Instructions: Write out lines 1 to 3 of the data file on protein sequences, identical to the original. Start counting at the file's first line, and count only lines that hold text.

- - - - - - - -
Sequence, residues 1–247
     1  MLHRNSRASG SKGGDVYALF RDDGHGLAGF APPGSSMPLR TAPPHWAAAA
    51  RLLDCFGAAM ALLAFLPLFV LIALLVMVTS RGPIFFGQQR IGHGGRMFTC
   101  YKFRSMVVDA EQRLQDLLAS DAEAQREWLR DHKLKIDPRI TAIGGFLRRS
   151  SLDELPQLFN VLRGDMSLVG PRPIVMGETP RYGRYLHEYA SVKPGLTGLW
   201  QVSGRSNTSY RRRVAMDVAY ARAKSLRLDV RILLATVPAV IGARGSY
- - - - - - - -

Sequence, residues 1–247
     1  MLHRNSRASG SKGGDVYALF RDDGHGLAGF APPGSSMPLR TAPPHWAAAA
    51  RLLDCFGAAM ALLAFLPLFV LIALLVMVTS RGPIFFGQQR IGHGGRMFTC